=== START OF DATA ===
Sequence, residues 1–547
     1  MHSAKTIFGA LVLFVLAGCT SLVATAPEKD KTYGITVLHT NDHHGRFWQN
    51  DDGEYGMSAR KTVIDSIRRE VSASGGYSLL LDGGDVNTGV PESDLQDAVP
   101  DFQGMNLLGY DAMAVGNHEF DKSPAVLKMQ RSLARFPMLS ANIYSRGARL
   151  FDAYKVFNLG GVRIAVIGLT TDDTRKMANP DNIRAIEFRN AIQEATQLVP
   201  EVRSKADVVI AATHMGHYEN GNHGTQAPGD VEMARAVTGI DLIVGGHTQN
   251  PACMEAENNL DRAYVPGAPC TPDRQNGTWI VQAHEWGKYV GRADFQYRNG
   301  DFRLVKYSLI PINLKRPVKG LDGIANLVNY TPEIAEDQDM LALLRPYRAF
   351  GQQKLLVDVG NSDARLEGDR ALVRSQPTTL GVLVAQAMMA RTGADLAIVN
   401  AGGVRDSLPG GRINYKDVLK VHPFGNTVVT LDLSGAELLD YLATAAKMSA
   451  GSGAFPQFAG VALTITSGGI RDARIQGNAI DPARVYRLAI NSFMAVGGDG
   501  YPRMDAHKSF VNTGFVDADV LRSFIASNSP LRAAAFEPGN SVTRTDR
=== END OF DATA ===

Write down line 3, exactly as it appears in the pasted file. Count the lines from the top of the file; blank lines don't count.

    51  DDGEYGMSAR KTVIDSIRRE VSASGGYSLL LDGGDVNTGV PESDLQDAVP